Question number 2 (why would humans retain such an undiluted fear of predators without personal experiences?) is also answerable, but only because of 25 years of research by Joseph LeDoux of New York University. The amygdala also stores memories of fear, danger, or threat. It can be a totally unconscious memory that is retained and kicks in only when sight, sound, or touch prompts it. "Conditioned fear" is the amygdala's specialty. This is what makes you freeze before you have time to process in your cerebral cortex whatever it was that scared you. The amygdala portion of the brain is found in the brains of many vertebrate species and functions in the same way—it's natural selection's best shot at giving organisms an edge in a dangerous environment. But "conditioned fear" doesn't mean that you have, for instance, survived a mauling by a wild lion so that the next time you see a lion all the fear responses kick in. It does mean that large, predatory animals that pop out of nowhere (and scary stories told or read about the same) have been parked in the amygdala and underlined as extremely important. One way to explain this adaptation is that
Our brains seem to have been designed to allow the fear system to take control in threatening situations and prevent our conscious awareness from reigning. This may have been an optimal design from predator-rich environments in which survival was a minute-by-minute question. . . . The fact that the amygdala's basic architecture reappears in so many species is testimony to its evolutionary importance: Natural selection doesn't tinker with components that have proved essential to basic survival. Of course, the persistence of the low road [the non-cortex reaction] in a world where predators are largely nonexistent may no longer be adaptive, but that's the trade-off of human culture.35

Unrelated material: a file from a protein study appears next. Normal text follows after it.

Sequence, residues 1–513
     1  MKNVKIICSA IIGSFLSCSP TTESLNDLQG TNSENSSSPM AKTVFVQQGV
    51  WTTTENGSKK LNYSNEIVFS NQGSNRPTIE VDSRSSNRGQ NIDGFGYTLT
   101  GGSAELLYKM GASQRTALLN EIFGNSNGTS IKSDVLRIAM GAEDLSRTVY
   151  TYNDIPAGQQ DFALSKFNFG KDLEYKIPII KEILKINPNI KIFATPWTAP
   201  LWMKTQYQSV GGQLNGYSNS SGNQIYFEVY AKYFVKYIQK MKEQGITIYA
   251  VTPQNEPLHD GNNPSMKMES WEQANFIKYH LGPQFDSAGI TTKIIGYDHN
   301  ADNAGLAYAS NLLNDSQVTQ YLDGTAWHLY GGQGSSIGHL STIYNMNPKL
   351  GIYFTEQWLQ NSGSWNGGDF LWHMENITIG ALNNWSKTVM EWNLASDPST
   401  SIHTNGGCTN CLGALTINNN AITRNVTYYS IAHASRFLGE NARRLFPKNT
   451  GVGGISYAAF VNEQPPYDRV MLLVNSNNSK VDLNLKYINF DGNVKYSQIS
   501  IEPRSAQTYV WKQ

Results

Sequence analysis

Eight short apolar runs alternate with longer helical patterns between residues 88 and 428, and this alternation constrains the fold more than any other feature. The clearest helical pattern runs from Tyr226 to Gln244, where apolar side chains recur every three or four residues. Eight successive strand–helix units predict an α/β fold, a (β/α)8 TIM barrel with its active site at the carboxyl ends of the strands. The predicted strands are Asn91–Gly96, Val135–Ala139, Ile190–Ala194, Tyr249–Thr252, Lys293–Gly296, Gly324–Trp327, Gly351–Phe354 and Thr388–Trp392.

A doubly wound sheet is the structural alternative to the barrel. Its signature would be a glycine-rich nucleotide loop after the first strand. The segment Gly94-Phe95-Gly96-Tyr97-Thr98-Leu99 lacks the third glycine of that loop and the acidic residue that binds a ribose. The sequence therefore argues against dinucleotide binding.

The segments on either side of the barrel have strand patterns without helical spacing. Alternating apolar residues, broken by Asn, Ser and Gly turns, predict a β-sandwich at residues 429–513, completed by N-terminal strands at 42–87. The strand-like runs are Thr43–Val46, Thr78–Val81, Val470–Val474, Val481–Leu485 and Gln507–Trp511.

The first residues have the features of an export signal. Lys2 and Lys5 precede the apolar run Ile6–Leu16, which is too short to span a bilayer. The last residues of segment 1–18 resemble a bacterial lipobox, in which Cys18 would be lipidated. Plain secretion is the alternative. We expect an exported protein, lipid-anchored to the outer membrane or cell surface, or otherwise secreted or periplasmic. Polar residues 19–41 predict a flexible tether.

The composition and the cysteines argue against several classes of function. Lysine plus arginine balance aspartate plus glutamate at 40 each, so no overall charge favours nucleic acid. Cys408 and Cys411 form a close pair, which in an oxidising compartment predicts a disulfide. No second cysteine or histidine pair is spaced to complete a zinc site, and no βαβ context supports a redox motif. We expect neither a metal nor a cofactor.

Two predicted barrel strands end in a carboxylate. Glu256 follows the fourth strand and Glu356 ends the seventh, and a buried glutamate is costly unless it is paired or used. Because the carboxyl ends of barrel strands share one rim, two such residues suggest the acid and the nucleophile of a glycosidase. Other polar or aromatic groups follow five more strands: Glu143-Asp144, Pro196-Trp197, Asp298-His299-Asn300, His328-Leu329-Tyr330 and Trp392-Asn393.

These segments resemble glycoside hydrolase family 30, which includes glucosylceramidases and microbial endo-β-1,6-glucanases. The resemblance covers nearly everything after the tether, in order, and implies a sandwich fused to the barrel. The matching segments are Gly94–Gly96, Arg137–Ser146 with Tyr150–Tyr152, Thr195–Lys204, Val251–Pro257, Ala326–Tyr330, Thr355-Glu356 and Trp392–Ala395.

The answer to our final colossal question (how can the threat of impending predation be tolerated psychologically?) is speculative since scientists do not know all of the neural pathways that maintain mental equilibrium in the presence of extreme but intermittent stress. War zones provide some clues since posttraumatic stress disorders ("shell shock") are now accepted as a common aftermath of combat experiences even though the soldiers may seem to relax and behave normally for short periods between battles. We suggest that the only possible answer to this question lies with continued observation of prey species. We must refer to other species for information on how it is possible to graze happily (if you are an impala) while in the presence of lions. As primatologists we firmly believe—based on observation of wild primates—that prey go on with the minutiae of their lives between instances of predator activity. Under normal ecological conditions, the adrenaline rushes subside after the predator attacks, and hormones revert to neutral gear—except for the unlucky individual who became the predator's meal. Did our ancestors have respite from constant psychological terror produced by the presence of large cat predators? A resounding "yes." We primates are amazingly resilient. There is a threat of attack by a predator and all hell breaks loose. The predator leaves the area (with or without a meal) and the primates soon resume their lives of foraging and social interactions. Wild primate lives are not constant battles to stay alive, nor was there a continuous state of terror for Man the Hunted.